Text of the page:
../../figures/ece1236/deck5smithChartsAndImpedenceTxFig4: fig. 4. Quarter wavelength transmission line.

With \( l = \lambda/4 \)

\begin{equation}\label{eqn:uwavesDeck5SmithChartCore:220}
\begin{aligned}
\beta l
&= \frac{2 \pi}{\lambda} \frac{\lambda}{4} \\
&= \frac{\pi}{2}.
\end{aligned}
\end{equation}

We have \( \tan \beta l \rightarrow \infty \), so the input impedance is

\begin{equation}\label{eqn:uwavesDeck5SmithChartCore:240}
\begin{aligned}
Z_{\textrm{in}}
&= Z_0 \frac{ Z_{\textrm{L}} + j Z_0 \tan(\beta l) }{ Z_0 + j Z_{\textrm{L}} \tan(\beta l)} \\
&= \frac{Z_0^2}{Z_{\textrm{L}}}.
\end{aligned}
\end{equation}

This relation

\begin{equation}\label{eqn:uwavesDeck5SmithChartCore:280}
\boxed{
Z_{\textrm{in}}
= \frac{Z_0^2}{Z_{\textrm{L}}},
}
\end{equation}

is called the impedance inverter.

  • A large impedance is transformed into a small one and vice-versa.
  • A short becomes an open and vice-versa.
  • A capacitive load becomes inductive and vice-versa.
  • If \( Z_{\textrm{L}} \) is a series resonant circuit then \( Z_{\textrm{in}} \) becomes parallel resonant.

See [1] for an explanation of the term series resonant.

Matching with a \( \lambda/4 \) transformer.

Matching for a quarter wavelength transmission line equivalent circuit is sketched in fig. 5.

../../figures/ece1236/deck5smithChartsAndImpedenceTxFig5: fig. 5. Quarter wavelength transmission line matching.

For maximum power transfer

\begin{equation}\label{eqn:uwavesDeck5SmithChartCore:300}
Z_{\textrm{in}} = \frac{Z_0^2}{R_{\textrm{L}}} = R_{\textrm{G}},
\end{equation}

so

\begin{equation}\label{eqn:uwavesDeck5SmithChartCore:320}
Z_0 = \sqrt{ R_{\textrm{G}} R_{\textrm{L}} }.
\end{equation}

We have

\begin{equation}\label{eqn:uwavesDeck5SmithChartCore:340}
\Abs{\Gamma_{\textrm{L}}} = \frac{ R_{\textrm{L}} – Z_0 }{R_{\textrm{L}} + Z_0} \ne 0,
\end{equation}

and still maximum power is transferred.

Smith chart

A Smith chart is a graphical tool for making the transformation \( \Gamma \leftrightarrow Z_{\textrm{in}} \). Given

\begin{equation}\label{eqn:uwavesDeck5SmithChartCore:360}
Z_{\textrm{in}} = Z_0 \frac{ 1 + \Gamma }{ 1 – \Gamma },
\end{equation}

where \( \Gamma = \Gamma_{\textrm{L}} e^{- 2 j \beta l } \), we begin by normalizing the input impedance, using an overbar to denote that normalization

\begin{equation}\label{eqn:uwavesDeck5SmithChartCore:380}
Z_{\textrm{in}} \rightarrow \overline{{Z}}_{\textrm{in}} = \frac{Z_{\textrm{in}}}{Z_0},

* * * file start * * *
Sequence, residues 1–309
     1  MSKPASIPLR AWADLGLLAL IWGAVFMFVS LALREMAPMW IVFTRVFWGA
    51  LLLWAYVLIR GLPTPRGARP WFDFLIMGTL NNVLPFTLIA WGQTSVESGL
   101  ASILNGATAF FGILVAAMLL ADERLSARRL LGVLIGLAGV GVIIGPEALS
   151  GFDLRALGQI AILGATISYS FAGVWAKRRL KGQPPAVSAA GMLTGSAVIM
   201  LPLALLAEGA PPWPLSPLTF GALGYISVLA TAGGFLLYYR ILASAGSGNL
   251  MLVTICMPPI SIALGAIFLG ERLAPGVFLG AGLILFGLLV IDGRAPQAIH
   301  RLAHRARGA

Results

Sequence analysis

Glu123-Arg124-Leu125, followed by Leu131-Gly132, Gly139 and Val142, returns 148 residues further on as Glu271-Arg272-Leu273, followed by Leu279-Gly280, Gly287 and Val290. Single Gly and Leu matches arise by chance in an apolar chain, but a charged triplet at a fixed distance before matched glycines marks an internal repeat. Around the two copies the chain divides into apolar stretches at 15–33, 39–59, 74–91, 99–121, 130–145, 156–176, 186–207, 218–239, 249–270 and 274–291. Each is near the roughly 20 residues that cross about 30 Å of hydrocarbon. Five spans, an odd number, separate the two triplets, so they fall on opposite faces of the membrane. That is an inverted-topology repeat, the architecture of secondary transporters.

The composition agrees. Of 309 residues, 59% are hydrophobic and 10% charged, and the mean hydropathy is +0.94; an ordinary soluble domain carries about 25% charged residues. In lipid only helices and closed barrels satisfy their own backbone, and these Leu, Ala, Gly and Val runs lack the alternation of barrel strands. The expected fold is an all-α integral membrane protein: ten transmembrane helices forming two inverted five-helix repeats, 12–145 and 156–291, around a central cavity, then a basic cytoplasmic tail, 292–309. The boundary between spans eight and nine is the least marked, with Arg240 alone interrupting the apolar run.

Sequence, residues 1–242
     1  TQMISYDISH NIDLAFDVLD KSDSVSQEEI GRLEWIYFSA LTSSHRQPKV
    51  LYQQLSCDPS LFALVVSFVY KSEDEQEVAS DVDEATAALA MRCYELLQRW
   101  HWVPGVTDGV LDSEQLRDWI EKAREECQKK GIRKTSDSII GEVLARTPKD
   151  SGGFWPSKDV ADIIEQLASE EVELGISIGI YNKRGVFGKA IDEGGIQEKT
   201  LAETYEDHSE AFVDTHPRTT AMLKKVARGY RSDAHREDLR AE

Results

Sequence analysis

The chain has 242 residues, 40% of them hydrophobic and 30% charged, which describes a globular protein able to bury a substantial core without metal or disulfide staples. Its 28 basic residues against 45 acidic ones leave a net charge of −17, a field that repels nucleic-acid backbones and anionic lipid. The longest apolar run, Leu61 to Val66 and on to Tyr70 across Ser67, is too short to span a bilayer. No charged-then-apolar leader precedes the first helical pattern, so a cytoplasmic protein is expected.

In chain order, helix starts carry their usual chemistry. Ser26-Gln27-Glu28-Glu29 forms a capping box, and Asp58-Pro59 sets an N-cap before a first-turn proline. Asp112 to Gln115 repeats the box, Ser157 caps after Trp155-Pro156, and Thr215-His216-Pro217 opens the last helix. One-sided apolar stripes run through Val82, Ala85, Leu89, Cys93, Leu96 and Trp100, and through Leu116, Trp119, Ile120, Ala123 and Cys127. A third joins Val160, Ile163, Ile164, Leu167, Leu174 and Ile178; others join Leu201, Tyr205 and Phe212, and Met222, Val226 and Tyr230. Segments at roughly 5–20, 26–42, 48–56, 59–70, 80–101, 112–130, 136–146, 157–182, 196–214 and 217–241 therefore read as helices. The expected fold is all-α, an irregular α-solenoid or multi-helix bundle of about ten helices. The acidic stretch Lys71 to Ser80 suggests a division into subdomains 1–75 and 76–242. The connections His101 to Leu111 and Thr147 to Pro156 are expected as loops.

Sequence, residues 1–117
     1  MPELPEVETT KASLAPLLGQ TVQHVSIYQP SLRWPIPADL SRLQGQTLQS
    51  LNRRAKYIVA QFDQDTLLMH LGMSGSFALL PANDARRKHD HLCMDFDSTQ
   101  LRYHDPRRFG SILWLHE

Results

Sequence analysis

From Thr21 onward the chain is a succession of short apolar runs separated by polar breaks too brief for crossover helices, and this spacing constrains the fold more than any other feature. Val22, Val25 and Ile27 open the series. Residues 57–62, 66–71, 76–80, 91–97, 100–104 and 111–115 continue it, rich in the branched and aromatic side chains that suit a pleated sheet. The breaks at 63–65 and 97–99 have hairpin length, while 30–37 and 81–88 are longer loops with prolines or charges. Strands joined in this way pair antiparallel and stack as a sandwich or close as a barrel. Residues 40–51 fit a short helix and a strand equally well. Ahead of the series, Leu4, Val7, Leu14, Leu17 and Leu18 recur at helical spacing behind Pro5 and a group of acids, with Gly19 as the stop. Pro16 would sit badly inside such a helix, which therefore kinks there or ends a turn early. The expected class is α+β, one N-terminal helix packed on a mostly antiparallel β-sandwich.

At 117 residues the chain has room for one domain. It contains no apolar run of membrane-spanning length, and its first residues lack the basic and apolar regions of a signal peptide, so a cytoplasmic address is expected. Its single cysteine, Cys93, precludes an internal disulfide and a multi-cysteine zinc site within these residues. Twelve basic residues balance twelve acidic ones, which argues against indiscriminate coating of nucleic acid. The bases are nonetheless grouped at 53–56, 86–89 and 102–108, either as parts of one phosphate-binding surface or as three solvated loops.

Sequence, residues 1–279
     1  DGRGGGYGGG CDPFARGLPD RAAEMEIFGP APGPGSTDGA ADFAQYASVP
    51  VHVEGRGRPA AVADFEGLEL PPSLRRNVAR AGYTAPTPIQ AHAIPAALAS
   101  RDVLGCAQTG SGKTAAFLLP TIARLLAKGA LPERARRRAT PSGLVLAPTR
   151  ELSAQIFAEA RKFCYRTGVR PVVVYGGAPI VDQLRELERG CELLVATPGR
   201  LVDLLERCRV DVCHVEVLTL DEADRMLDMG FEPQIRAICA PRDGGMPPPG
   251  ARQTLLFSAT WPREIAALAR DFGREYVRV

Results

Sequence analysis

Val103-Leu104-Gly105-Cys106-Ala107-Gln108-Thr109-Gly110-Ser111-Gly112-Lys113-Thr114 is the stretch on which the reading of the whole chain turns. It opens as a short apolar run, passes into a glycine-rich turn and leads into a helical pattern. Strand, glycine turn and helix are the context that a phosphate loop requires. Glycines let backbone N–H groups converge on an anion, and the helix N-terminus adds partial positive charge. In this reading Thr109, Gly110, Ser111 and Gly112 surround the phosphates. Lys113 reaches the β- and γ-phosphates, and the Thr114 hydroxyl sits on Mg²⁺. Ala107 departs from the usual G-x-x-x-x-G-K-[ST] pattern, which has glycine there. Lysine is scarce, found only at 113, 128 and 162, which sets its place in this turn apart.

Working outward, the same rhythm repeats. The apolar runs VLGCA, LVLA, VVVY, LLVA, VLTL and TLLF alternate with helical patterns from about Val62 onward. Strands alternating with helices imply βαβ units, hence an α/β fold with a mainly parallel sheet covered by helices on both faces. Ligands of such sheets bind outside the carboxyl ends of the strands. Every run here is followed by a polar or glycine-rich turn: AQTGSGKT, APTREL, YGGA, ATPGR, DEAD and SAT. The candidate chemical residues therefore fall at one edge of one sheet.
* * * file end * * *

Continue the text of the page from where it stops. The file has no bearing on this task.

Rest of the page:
\end{equation}

so

\begin{equation}\label{eqn:uwavesDeck5SmithChartCore:400}
\begin{aligned}
\overline{{Z}}_{\textrm{in}}
&= \frac{ 1 + \Gamma }{ 1 – \Gamma } \\
&= \frac{ (1 + \Gamma_r) + j \Gamma_i }{ (1 – \Gamma_r) – j \Gamma_i } \\
&= \frac{ \lr{ (1 + \Gamma_r) + j \Gamma_i}\lr{(1 – \Gamma_r) + j \Gamma_i} }{ (1 – \Gamma_r)^2 + \Gamma_i^2 } \\
&= \frac{ (1 – \Gamma_r^2 – \Gamma_i^2) + j \Gamma_i (1 – \Gamma_r + 1 + \Gamma_r ) }{ (1 – \Gamma_r)^2 + \Gamma_i^2 } \\
&= \frac{ (1 – \Abs{\Gamma}^2) + 2 j \Gamma_i }{ (1 – \Gamma_r)^2 + \Gamma_i^2 }.
\end{aligned}
\end{equation}

If we let \( \overline{{Z}}_{\textrm{in}} = \overline{{\Gamma}}_{\textrm{L}} + j \overline{{X}}_{\textrm{L}} \), and equate real and imaginary parts we have

\begin{equation}\label{eqn:uwavesDeck5SmithChartCore:420}
\begin{aligned}
\overline{{\Gamma}}_{\textrm{L}} &= \frac{ 1 – \Abs{\Gamma}^2 }{ (1 – \Gamma_r)^2 + \Gamma_i^2 } \\
\overline{{X}}_{\textrm{L}} &= \frac{2 \Gamma_i }{ (1 – \Gamma_r)^2 + \Gamma_i^2 }
\end{aligned}
\end{equation}

It is left as an exercise to demonstrate that these can be rearranged into

\begin{equation}\label{eqn:uwavesDeck5SmithChartCore:440}
\begin{aligned}
\lr{ \Gamma_r – \frac{\overline{{\Gamma}}_{\textrm{L}}}{1 + \overline{{\Gamma}}_{\textrm{L}} } }^2 + \Gamma_i^2 &= \lr{ \inv{1 + \overline{{\Gamma}}_{\textrm{L}} }}^2 \\
\lr{ \Gamma_r – 1 }^2 + \lr{ \Gamma_i – \inv{\overline{{X}}_{\textrm{L}} } }^2 &= \inv{\overline{{X}}_{\textrm{L}}^2},
\end{aligned}
\end{equation}

which trace out circles in the \( \Gamma_r, \Gamma_i \) plane, one for the real part of \( \Gamma \) and one for the imaginary part. This provides a graphical way for implementing the impedance transformation.

Real impedance circle

The circle for the real part is centered at

\begin{equation}\label{eqn:uwavesDeck5SmithChartCore:580}
\lr{ \frac{\overline{{\Gamma}}_{\textrm{L}}}{1 + \overline{{\Gamma}}_{\textrm{L}} }, 0 },
\end{equation}

with radius
\begin{equation}\label{eqn:uwavesDeck5SmithChartCore:600}
\inv{1 + \overline{{\Gamma}}_{\textrm{L}} }.
\end{equation}

All these circles pass through the point \( (1,0) \), since
\begin{equation}\label{eqn:uwavesDeck5SmithChartCore:620}
\begin{aligned}
\frac{\overline{{\Gamma}}_{\textrm{L}}}{1 + \overline{{\Gamma}}_{\textrm{L}} } + \inv{1 + \overline{{\Gamma}}_{\textrm{L}} }
&=
\frac{1 + \overline{{\Gamma}}_{\textrm{L}}}{1 + \overline{{\Gamma}}_{\textrm{L}} } \\
&= 1.
\end{aligned}
\end{equation}

For reactive loads where \( \overline{{\Gamma}}_{\textrm{L}} = 0 \), we have \( \Gamma_r^2 + \Gamma_i^2 = 1 \), a circle through the origin with unit radius.

For matched loads where \( \overline{{\Gamma}}_{\textrm{L}} = 1 \) the circle is centered at \( (1/2, 0) \), with radius \( 1/2 \).

Imaginary impedance circle

The circle obtained by equating imaginary parts are constant reactance circles with center

\begin{equation}\label{eqn:uwavesDeck5SmithChartCore:640}
\lr{ 1, \inv{\overline{{X}}_{\textrm{L}} } },
\end{equation}

with radius

\begin{equation}\label{eqn:uwavesDeck5SmithChartCore:660}
\inv{\overline{{X}}_{\textrm{L}}}.
\end{equation}